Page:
Primary Reference Source
Kirakowski, J and Corbett, M (1990) Effective Methodology for the Study
of HCI. North Holland Elsevier.
Diary methods require the informants to record activities they are engaged
in throughout a normal day. The structure of diaries varies from unstructured
or open ended where the informant writes in with his own words, to highly
structured tick-box questionnaires. The technology involved ranges from
paper and pencil based techniques, to the use of tape and video diaries,
to computerised on-line questionnaires administered by computer. Providing
users with a portable cassette voice recorder and asking them to ‘make
a note’ of their experiences with whatever is the focus of the diary study
is a useful way of capturing the users’ interest and to get on-the-spot
notations. The data usually has to be content analysed. Kirakowski &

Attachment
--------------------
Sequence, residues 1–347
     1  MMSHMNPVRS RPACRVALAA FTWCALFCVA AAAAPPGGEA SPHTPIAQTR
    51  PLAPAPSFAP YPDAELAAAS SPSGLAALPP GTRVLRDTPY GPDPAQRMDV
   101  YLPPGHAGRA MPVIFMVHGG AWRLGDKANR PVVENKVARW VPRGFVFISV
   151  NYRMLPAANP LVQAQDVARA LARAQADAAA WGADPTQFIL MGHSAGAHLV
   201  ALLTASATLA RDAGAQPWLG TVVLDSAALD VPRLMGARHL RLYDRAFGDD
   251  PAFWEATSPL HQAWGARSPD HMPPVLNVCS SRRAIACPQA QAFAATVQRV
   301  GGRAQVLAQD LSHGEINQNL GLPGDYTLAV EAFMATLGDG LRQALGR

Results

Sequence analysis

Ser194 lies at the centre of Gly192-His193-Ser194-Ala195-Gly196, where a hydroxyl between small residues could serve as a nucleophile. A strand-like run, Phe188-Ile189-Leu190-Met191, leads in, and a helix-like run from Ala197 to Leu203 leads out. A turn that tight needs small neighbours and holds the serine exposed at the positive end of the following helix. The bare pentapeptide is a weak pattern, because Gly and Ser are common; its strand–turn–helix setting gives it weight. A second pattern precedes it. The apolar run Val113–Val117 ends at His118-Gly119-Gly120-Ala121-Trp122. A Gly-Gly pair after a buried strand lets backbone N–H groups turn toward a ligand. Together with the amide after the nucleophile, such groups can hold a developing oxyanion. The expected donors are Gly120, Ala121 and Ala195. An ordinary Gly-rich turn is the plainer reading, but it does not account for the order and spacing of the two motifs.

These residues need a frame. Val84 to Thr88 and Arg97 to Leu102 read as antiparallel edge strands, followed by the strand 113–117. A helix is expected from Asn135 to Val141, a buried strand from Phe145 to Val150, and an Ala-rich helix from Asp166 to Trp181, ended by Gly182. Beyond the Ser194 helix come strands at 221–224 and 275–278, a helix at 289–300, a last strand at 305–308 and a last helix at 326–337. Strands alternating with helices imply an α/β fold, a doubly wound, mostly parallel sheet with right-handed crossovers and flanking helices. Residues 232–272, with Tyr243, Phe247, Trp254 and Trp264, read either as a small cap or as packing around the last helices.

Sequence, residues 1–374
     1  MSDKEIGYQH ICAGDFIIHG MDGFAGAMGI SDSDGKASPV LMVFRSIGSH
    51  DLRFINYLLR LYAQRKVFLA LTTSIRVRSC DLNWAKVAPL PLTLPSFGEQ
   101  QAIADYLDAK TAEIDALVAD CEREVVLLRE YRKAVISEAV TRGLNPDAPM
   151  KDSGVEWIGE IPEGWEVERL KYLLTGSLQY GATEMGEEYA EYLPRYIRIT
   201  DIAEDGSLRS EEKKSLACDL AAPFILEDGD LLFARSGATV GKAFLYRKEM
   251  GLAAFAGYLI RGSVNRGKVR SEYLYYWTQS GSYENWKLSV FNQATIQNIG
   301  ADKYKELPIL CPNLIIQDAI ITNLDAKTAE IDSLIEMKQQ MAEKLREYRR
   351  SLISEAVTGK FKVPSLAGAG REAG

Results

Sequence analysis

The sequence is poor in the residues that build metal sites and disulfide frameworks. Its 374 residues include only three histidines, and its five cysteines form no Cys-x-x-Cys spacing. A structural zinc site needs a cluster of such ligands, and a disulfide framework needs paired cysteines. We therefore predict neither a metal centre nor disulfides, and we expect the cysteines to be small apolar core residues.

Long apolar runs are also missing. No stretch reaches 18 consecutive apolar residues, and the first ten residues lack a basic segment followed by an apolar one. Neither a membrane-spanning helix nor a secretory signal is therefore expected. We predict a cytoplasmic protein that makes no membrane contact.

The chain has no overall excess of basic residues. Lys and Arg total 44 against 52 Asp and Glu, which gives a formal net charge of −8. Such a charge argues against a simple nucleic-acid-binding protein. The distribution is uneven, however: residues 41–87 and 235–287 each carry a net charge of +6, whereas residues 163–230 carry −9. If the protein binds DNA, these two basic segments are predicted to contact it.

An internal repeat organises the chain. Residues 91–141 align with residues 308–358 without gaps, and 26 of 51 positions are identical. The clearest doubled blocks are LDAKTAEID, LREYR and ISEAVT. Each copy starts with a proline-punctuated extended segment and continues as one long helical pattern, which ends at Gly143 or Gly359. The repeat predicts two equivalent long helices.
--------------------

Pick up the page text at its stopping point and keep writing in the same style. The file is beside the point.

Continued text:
Corbett give an account of this process.
Typical Application Areas
They can be used during the initial phases of design, to provide a picture
of the activities the user group engage in. The frequency, duration and
difficulty of performing tasks can be recorded in order to establish an
understanding of the users difficulties and the context wherein a technical
aid will be introduced. They can also be used to provide design feedback,
or evaluate products.
The methods demands some effort from the users. If structured methods are
used, as with questionnaires, it can be difficult to interpret results,
due to lack of context information. A lot of data can be collected, this
may lead to a lot of work to analyse the information. The method relies
on the informants ability and motivation for filling in the information.
Provides information that may be forgotten in an interview, or by means
of other methods. Involves the users in an active manner. Provides an understanding
of the activities the users engage in. The method is useful to obtain real
life measures about the activities and technology the users are surrounded
Costs of Use
Relatively low cost. May take some time to analyse results, especially
when an informal approach is used. A structured diary or computer based
inquiry will demand some resources for preparation.
Suitability for Telematics Engineering
Provides vital information about the users, tasks and environment in an
efficient and fluid way.